How does Emily actually getting to work in Wayne Security change the show?
We’re able to help more and invent more and create, which I think is a lot of fun. Seeing our characters test out new products and invent new things that then come into fruition is a really neat way to dive into the Bruce Wayne world, whereas before, it was great, but it was like, “Approve this claim or don’t approve this claim,” so it’s opened up a lot of comedic opportunities.
What does her dynamic with Van Wayne, the boss at Wayne Security and Bruce’s cousin, look like moving forward?
It’s a lot of him thinking he should get the credit for the things that I’ve done. He doesn’t want to put a lot of hard work in, and that’s all Emily wants to do, so there’s a lot of argument between the two of them, but always in a really comedic way.
How much do you actually know about comics?
I mean, I kind of just know the big characters. It’s funny, through this I feel like I’ve learned a lot of new characters in the DC Universe. There’s just so many. The list goes on and on.
So when someone like Crimson Fox comes up in the pilot, do you recognize her?
No, I have no idea who that is. [Laughs] I was such a girly girl growing up. The extent of my comic book knowledge was Catwoman, from Michelle Pfeiffer, because I love Tim Burton. I’ve learned many things over the course of filming.
Have you started reading some comics now?
No, I’ve got enough to read when it comes to work.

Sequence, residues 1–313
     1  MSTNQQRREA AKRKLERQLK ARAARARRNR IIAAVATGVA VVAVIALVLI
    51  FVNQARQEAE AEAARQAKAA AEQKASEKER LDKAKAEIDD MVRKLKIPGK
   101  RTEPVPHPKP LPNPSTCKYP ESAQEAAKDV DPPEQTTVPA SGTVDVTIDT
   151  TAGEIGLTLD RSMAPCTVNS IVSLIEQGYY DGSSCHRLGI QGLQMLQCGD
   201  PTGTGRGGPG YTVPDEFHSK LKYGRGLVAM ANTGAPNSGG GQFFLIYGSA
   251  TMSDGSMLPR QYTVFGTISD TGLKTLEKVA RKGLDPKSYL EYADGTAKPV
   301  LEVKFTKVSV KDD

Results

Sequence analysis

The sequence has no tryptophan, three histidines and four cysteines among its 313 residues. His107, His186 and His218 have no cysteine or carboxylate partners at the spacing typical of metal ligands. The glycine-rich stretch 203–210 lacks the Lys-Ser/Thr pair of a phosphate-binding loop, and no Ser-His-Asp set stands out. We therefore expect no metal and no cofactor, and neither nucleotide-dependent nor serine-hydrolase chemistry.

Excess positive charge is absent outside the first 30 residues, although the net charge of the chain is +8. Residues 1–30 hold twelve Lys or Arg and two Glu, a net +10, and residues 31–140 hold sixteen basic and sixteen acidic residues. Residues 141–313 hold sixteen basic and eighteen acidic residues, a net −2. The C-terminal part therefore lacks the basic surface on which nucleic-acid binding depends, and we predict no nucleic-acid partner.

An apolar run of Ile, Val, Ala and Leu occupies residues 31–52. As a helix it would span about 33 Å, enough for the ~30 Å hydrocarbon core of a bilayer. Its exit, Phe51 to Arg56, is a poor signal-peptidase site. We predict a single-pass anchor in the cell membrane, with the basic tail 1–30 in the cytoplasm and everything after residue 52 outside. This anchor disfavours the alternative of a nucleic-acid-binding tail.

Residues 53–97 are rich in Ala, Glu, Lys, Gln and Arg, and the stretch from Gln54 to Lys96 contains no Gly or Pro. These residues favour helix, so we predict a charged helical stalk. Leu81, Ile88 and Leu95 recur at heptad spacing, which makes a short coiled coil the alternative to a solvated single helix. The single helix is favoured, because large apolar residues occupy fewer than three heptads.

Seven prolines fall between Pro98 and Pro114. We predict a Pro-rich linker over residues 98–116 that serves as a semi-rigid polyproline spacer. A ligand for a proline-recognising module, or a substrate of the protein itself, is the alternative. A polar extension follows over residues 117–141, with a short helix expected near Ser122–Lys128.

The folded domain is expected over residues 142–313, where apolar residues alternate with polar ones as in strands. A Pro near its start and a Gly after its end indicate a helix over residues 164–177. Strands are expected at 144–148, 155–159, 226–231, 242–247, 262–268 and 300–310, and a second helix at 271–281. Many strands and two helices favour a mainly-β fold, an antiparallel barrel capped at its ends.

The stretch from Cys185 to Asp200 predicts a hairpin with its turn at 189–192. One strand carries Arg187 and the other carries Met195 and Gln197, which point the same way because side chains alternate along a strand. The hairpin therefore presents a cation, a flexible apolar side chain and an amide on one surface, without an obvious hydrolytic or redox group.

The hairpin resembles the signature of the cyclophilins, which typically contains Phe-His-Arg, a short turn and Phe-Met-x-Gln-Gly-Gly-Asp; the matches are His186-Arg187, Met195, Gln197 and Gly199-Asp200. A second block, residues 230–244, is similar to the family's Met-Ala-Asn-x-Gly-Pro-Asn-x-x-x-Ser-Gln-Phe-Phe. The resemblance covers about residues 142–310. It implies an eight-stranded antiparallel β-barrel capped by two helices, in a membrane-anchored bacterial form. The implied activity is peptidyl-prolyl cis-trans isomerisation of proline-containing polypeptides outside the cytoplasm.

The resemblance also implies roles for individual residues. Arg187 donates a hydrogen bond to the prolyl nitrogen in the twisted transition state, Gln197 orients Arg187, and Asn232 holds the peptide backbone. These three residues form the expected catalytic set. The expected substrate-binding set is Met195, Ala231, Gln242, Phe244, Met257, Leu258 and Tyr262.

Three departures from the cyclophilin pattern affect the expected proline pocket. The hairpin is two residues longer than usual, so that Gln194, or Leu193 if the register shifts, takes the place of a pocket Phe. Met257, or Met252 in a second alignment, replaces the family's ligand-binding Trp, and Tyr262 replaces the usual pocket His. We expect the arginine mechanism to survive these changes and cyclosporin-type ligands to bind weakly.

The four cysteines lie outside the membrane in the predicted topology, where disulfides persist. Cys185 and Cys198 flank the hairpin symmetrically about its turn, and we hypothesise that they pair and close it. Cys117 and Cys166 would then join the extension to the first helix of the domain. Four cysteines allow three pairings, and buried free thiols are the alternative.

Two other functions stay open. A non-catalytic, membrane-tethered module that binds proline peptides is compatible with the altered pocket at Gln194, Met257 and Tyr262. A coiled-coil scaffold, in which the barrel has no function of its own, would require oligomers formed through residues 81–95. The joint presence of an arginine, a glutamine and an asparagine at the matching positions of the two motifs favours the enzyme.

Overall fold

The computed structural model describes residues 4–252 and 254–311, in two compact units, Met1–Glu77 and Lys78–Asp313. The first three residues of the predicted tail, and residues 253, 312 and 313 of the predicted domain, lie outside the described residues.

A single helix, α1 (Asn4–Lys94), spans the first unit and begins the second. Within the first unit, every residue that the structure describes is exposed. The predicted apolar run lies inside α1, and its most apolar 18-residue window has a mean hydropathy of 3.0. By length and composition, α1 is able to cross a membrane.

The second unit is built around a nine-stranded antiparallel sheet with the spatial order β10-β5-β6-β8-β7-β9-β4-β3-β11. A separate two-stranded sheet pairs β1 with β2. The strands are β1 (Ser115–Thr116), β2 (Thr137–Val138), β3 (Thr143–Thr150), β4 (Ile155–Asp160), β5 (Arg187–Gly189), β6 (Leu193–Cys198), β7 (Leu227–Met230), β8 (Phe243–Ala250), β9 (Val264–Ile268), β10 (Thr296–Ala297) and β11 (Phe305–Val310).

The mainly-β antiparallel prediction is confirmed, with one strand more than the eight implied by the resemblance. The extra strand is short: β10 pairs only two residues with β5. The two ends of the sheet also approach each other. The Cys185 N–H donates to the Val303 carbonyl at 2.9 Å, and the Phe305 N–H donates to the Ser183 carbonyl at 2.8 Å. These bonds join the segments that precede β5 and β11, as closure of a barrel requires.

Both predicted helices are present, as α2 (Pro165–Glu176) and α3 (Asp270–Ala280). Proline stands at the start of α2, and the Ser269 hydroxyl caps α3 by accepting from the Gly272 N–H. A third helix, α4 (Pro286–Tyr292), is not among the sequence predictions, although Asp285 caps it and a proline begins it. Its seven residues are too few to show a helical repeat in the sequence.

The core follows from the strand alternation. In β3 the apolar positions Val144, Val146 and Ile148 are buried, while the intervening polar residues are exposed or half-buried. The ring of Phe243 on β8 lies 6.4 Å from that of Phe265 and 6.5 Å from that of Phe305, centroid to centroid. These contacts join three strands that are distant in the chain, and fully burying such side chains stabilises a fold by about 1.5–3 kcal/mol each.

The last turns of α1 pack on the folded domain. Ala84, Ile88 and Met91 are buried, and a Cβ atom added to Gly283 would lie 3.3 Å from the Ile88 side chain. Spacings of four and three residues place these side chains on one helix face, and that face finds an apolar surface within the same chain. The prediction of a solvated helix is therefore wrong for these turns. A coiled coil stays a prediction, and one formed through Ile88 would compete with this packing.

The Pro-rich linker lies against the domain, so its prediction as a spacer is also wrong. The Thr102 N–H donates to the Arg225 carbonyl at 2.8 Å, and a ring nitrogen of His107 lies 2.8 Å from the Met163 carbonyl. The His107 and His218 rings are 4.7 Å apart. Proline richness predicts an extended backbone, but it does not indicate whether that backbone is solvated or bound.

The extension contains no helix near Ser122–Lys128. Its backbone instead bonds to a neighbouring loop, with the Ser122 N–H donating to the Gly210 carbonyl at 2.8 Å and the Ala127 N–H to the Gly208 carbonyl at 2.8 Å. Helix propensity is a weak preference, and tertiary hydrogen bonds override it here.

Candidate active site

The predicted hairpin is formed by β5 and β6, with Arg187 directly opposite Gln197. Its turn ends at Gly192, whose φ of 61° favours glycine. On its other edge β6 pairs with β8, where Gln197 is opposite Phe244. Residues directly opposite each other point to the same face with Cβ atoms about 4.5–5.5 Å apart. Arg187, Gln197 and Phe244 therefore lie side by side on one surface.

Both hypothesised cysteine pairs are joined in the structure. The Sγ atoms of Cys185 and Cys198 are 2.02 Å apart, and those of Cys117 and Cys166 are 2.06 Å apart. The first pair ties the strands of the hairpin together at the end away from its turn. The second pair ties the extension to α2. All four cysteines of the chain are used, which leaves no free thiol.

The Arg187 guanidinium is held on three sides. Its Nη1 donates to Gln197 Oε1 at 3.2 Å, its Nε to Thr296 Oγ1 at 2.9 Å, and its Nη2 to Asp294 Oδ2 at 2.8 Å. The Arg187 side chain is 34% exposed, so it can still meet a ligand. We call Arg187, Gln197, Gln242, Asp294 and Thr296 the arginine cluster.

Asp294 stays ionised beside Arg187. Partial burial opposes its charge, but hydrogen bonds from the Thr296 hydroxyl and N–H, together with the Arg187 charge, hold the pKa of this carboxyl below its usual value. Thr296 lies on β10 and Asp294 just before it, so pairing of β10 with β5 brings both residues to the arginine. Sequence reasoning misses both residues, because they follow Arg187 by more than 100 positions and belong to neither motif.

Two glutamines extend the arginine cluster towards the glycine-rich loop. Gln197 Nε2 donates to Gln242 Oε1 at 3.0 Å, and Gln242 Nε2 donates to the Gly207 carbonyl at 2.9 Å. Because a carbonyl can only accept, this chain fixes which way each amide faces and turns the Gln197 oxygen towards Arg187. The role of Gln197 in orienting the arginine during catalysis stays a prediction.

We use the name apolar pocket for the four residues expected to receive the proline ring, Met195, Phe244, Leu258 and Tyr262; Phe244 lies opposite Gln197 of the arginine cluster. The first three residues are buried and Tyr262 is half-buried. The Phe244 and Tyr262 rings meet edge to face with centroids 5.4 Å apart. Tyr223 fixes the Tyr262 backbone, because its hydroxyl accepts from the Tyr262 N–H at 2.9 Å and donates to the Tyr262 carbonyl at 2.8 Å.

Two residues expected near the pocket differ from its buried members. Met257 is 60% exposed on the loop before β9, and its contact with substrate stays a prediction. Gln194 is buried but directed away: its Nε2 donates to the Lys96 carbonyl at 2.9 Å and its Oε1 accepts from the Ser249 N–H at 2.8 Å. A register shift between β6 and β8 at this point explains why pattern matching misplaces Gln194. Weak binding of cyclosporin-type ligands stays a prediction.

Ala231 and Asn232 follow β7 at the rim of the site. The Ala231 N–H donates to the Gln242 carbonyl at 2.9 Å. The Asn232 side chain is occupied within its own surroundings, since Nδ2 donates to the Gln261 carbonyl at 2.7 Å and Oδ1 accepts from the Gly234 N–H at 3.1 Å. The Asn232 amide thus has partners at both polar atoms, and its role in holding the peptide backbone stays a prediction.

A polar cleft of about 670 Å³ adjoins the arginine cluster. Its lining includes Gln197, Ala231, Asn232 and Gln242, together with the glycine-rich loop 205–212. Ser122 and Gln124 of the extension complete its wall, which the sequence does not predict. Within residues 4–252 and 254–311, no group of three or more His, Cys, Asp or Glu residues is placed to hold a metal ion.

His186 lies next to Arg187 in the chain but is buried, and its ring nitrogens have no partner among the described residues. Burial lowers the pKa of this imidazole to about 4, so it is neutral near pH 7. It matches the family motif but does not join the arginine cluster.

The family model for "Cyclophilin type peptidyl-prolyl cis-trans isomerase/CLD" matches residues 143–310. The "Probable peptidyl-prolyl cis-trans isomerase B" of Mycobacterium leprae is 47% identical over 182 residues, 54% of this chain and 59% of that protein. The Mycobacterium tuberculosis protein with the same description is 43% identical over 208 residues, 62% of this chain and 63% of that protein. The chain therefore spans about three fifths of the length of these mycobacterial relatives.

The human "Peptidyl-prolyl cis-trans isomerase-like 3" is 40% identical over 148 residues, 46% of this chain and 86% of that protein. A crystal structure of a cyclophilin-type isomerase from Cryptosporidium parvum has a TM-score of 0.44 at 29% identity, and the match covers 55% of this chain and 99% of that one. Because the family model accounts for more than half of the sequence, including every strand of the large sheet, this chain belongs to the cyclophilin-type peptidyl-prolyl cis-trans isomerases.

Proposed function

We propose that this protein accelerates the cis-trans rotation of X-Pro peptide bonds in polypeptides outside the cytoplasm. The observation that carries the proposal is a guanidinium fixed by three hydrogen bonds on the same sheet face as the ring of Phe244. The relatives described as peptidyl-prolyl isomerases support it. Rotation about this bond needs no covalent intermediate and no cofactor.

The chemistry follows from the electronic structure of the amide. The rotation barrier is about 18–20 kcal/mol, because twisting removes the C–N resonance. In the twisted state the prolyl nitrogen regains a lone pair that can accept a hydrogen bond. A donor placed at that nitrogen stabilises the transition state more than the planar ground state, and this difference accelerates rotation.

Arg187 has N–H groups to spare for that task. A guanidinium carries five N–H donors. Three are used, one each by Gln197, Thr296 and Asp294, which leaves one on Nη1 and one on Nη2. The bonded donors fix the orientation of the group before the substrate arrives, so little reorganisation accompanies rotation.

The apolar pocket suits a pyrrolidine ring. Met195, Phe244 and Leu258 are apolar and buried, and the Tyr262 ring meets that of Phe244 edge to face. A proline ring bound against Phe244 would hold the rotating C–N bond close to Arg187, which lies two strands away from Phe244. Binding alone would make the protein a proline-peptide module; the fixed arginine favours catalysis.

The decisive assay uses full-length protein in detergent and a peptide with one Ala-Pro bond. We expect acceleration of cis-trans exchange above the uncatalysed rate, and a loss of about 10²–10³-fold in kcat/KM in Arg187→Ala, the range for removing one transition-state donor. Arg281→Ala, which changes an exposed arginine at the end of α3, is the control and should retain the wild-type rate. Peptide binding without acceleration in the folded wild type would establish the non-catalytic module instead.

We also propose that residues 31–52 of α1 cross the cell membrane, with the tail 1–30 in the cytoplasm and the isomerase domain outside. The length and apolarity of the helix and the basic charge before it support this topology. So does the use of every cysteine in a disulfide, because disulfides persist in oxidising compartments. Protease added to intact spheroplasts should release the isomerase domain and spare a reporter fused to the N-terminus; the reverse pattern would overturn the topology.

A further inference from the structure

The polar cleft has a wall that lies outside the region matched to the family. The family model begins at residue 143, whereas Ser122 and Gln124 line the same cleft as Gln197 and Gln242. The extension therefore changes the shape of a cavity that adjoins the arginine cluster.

From your perspective as a non-comic book fan, do you feel like audiences will be able to follow along with Powerless?
Oh yeah, of course, because it’s not about superheroes; it’s about normal people in their everyday lives, which we all live and can relate to.
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Do you have any dream guest stars from the geek world you’d like to see come on the show?
I’m not super big in that world. I feel like I would want the fans’ opinions and then send that to the writers so they can get what they want. I’m just having fun and there for the ride.
How overwhelming was Comic-Con then?
I had been before with Zack Snyder, who I adore, for this movie I did called Sucker Punch. It felt like an honor going with him, because I was obsessed over 300. It’s a really amazing world. I love being in an environment where a bunch of people who are like-minded and have the same passions get together and can geek out over things that they love. It’s just a really fun environment to be in. If anything, I was really excited by all the energy and love that everyone had being in a room together.
While Powerless is a comedy, what message do you think the show sends in this trying time?
The main theme is that you don’t have to be a superhero to be a powerful person and change the world. A lot of the times we get intimidated by the big ideas we’d like to approach, but we show that if you just approach anything with willingness and openness, if you take that first step, you can make a change. Hopefully it inspires people to follow their dreams and their passions.
Powerless will debut Thursday at 8:30 p.m. ET on NBC.